Academic journal article Federal Reserve Bank of New York Economic Policy Review

The Internationalization of the U.S. Labor Market and the Wage Structure

Academic journal article Federal Reserve Bank of New York Economic Policy Review

The Internationalization of the U.S. Labor Market and the Wage Structure

Article excerpt

Beginning with the important work of Murphy and Welch (1992), a great deal of recent research has attempted to document and explain the dramatic changes in the wage distribution that occurred during the 1980s (see also Katz and Murphy 1992). Practically every income group faced a decline in real wages during the 1980s. However, workers at the 33rd percentile experienced a 14 percent drop in the real wage, workers at the 66th percentile experienced only a 6 percent drop, and workers in the upper tail of the distribution experienced a 1 percent wage increase. Therefore, the widening of the wage distribution occurred because the relative wage of less skilled workers fell dramatically during the decade.

Although these facts are indisputable, there is considerable disagreement about the causes of the increase in wage inequality. The trends can be understood in terms of a simple supply-demand equilibrium story. It is well known that the labor market entry of the large baby boom cohort in the 1970s shifted out the supply curve of college graduates, thus depressing the payoff to a college education throughout much of that decade. During the 1980s, however, the rate of increase in the supply of college graduates slowed dramatically. The relative decline in the number of new labor market entrants with a college education raised the wage gap between college graduates and less educated workers. It turns out, however, that if the elasticity of labor demand has a reasonable value, the supply shifts cannot generate the huge increase in the returns to schooling that occurred during the 1980s. As a result, it must also be the case that the demand for skilled workers shifted out by more than the demand for unskilled workers.

A number of hypotheses can explain the differential shifts in labor demand. For instance, the de-unionization the labor market probably had a particularly adverse impact on the wage of unskilled workers. Because unions "prop up" the wage of less skilled workers, the drop in the demand for union labor would raise the wage gap between skilled and unskilled workers. Some studies conclude that perhaps as much as half of the increase in wage inequality can be attributable to the decline in unions (Freeman 1993).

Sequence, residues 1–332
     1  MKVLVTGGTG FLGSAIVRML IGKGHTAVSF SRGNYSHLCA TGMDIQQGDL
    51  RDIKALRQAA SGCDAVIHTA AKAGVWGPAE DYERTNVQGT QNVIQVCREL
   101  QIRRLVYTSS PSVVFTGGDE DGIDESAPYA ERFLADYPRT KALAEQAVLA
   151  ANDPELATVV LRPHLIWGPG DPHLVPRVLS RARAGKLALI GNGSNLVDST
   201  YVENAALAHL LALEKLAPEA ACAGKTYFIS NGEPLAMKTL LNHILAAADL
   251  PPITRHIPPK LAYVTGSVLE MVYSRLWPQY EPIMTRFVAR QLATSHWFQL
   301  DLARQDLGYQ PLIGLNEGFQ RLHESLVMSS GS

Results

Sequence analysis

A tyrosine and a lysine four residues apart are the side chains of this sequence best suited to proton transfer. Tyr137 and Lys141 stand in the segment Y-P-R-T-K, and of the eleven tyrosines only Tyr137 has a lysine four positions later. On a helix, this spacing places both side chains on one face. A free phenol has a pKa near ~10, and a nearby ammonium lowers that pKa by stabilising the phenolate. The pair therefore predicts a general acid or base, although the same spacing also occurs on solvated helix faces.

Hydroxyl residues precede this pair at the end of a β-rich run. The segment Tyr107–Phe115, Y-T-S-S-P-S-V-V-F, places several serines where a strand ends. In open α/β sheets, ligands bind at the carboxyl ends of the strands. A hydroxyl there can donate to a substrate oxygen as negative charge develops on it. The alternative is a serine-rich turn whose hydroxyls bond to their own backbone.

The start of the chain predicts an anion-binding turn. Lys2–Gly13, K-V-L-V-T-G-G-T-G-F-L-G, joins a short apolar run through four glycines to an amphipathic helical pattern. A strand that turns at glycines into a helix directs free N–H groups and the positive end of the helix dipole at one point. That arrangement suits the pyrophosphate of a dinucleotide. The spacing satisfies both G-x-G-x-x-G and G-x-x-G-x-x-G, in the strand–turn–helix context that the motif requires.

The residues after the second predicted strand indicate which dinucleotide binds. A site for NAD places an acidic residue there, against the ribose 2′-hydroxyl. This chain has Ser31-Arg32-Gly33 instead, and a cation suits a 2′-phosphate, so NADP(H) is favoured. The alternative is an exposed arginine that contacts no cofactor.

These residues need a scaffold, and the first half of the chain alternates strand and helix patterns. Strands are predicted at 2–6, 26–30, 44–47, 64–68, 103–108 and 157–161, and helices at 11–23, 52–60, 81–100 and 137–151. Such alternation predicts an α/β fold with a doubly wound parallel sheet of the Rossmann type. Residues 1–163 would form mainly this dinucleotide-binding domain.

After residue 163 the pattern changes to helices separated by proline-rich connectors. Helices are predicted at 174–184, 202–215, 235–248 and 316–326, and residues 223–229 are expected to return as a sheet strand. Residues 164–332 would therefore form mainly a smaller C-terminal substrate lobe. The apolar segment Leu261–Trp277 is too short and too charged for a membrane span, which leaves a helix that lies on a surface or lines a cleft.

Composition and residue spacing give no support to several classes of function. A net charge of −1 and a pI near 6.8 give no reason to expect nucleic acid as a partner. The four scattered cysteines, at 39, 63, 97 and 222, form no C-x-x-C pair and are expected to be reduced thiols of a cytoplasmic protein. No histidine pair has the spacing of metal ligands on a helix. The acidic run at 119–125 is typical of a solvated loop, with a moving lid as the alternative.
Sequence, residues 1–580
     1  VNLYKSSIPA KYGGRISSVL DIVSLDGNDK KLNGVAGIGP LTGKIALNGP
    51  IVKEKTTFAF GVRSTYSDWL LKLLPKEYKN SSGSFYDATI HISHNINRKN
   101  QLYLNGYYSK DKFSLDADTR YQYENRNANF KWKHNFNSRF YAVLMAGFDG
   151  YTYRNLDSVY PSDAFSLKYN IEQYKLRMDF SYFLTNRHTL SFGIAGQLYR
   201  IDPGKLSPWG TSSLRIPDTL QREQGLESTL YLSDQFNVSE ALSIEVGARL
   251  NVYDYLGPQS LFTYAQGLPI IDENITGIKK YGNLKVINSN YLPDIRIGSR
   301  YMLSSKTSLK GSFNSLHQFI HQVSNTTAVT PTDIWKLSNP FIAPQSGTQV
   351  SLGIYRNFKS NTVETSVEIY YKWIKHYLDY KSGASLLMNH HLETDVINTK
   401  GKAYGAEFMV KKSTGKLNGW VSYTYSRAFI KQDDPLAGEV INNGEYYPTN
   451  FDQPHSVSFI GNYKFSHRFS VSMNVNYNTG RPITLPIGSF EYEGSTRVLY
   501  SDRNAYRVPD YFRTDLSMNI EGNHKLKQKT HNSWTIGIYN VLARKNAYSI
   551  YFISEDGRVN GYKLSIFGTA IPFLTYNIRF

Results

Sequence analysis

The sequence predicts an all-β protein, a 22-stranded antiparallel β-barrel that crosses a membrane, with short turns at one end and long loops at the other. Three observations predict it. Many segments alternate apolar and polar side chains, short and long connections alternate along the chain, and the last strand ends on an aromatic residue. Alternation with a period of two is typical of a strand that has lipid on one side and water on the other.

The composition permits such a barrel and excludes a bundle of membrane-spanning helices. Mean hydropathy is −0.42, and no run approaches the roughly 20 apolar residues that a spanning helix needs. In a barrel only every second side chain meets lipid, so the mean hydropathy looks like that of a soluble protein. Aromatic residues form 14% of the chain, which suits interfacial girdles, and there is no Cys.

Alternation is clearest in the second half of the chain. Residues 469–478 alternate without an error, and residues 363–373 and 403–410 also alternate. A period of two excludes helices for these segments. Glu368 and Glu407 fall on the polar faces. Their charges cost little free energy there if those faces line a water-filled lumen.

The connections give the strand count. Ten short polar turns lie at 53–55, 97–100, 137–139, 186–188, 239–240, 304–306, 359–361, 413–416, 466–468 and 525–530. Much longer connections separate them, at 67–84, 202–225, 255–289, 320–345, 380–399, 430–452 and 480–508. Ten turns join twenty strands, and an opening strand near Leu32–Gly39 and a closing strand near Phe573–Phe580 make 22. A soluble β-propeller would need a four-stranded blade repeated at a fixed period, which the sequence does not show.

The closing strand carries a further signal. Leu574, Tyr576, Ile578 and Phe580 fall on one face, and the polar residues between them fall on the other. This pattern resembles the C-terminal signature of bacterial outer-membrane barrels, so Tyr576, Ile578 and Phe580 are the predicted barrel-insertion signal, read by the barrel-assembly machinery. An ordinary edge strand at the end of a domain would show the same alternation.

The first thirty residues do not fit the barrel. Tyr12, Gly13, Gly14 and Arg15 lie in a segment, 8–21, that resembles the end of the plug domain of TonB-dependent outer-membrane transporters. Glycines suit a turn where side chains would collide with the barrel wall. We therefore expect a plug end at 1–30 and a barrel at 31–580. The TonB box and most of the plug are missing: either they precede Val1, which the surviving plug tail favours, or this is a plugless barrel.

The relative demand for skilled workers may also have increased because of skill-biased technical change. Some studies, in fact, argue that this type of technical change explains most of the increase in wage inequality in the United States (Bound and Johnson 1992; Berman, Bound, and Griliches 1994). If the technological advances that are being introduced constantly into the labor market are good substitutes for unskilled workers and complement the skills of highly educated workers, technical change would lower the demand for unskilled labor and increase the demand for skilled labor.

The internationalization of the U.S. labor market, either through trade or immigration, probably contributed significantly to the rise in wage inequality (Murphy and Welch 1991; Borjas, Freeman, and Katz 1992; Borjas and Ramey 1994). In 1979, trade between the United States and the rest of the world was balanced: exports exceeded imports by only about 1 percent. By the mid-1980s, the trade deficit in durable goods was equal to 2.5 percent of GDP. If the imported goods compete with goods produced by relatively unskilled workers, the demand for unskilled workers would be affected by the trade deficit. The increasing internationalization of the U.S. economy also occurred because of a sizable increase in immigration. In 1980, only 13 percent of workers with less than a high school education were foreign-born; by 1990, nearly a quarter of the high school dropouts were immigrants. This paper summarizes some of the evidence linking the internationalization of the U.S. labor market with the changes in the wage structure.

IMMIGRATION

There are two distinct ways in which immigration can alter the U.S. wage structure. …

Search by... Author
Show... All Results Primary Sources Peer-reviewed

Oops!

An unknown error has occurred. Please click the button below to reload the page. If the problem persists, please try again in a little while.